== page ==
What is American cuisine? Should we use the term “authentic” to describe a recipe or cuisine? These are just two of many questions that Edward Lee explores in his book Buttermilk Graffiti. Much like American cuisine, Buttermilk Graffiti is an amalgamation. Although the book is part memoir and part cookbook, it primarily focuses on the culinary traditions and stories of immigrants. At times it has the feel of a Bourdain-like food travel show, mixed with history and self-reflection. Lee explores the history of place, migration stories, and the personal histories of individuals whose culinary traditions started across the globe. As much as Lee attempts to better understand the vastness of American cuisine, he also explores his own place in American food culture, and shares fifty recipes inspired by the foods he encounters.
If you are unfamiliar with Edward Lee, he is a chef and restaurateur from Louisville, Kentucky. His culinary style has many influences, including his Brooklyn childhood, his Korean heritage, and the two decades he has lived in Kentucky. He entered the television realm by competing on Top Chef in 2011, and was featured on The Mind of a Chef in 2014. Lee published his first cookbook and memoir, Smoke and Pickles, in 2013. His Louisville restaurant 610 Magnolia boasts a modern approach to southern cooking.
Lee is a compelling storyteller and approaches people and their food cultures with curiosity and empathy. As part of this project he visited more than a dozen cities and explored many food traditions and cultures: Nigerian, Vietnamese, German, Scandinavian, Peruvian, Chifa, Cambodian, Uyghur, Arabic, a Kosher deli, and Louisville soul food. He often came away with more questions than answers and will leave you with many things to ponder:
- Does our education in global food depend on global tragedies that bring immigrants to this country?
- Is there some other way that we can honor the foods of other nations without the tragedy?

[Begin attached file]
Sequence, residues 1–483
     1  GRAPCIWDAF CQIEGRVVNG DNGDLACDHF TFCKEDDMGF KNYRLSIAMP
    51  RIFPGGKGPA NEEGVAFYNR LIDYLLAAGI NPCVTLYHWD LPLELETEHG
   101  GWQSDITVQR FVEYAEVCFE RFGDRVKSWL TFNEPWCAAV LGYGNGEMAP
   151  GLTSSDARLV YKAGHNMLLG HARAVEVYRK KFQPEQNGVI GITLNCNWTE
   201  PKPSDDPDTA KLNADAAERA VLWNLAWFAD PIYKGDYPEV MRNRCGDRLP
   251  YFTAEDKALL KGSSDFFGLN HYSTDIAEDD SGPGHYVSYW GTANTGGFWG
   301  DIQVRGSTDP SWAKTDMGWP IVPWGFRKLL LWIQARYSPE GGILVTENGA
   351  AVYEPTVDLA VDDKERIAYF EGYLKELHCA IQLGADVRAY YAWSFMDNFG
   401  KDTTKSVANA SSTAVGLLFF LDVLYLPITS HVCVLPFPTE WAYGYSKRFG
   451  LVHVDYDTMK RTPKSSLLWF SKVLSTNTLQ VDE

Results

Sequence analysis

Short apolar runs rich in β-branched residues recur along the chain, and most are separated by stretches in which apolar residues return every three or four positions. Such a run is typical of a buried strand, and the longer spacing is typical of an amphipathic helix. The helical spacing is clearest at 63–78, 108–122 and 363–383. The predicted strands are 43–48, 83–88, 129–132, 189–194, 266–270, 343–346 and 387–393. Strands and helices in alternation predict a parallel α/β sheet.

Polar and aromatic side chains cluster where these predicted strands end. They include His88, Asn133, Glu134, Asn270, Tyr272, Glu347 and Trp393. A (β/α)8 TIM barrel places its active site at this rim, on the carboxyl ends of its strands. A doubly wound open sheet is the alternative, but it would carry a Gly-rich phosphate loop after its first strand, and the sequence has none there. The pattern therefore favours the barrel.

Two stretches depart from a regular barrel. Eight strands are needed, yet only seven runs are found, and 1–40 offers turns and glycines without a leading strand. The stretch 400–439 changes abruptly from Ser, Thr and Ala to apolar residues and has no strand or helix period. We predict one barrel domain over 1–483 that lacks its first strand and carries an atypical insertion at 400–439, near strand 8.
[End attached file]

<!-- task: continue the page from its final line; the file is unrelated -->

- When looking for the “authentic” food of a specific culture, are we looking for a nostalgia that doesn’t exist?
- Is cooking the food of others appropriation or learning?
“I wonder if in 100 years Americans will eat bibimbap without knowing where it came from. Isn’t that already happening to foods such as tacos and pizza? Or can we go back and recalibrate these beloved foods every time a new wave of immigrants comes to America?”
Lee reveals the complexity of food traditions and cultures and shows that there is no monolithic or “authentic” version of any particular food. Each chef’s personal story makes their recipe unique. At the same time, he shows connections between individuals and their traditions. The elder Scandinavians he meets in Seattle value the nostalgia of certain foods much like his own father, who was a Korean immigrant.
“You have your own story and your own history, and your own connections to make. There is good food to be discovered everywhere. All it takes are an adventurous palate and an inquisitive mind. You can link both to the foods that sit in your memories.”
At times Lee’s personal stories seem to fall into a familiar pop culture stereotype for chefs, focusing on what’s supposed to be edgy or rebellious. As Buttermilk Graffiti progresses, however, the reader gets a fuller picture of Lee’s life as a son, husband, and father, and what has shaped him as a chef. He shares vulnerable stories and does a lot of personal reflection, including sharing how he has pushed back against what a man of Korean ancestry in America is supposed to be.
Lee is a compelling writer who believes in the power of stories. If you are a fan of food writing and food culture, I think you will find many of these stories powerful and thought provoking as well.
Lee, Edward. Buttermilk Graffiti: A Chef’s Journey to Discover America’s New Melting-Pot Cuisine. Artisan, 2018.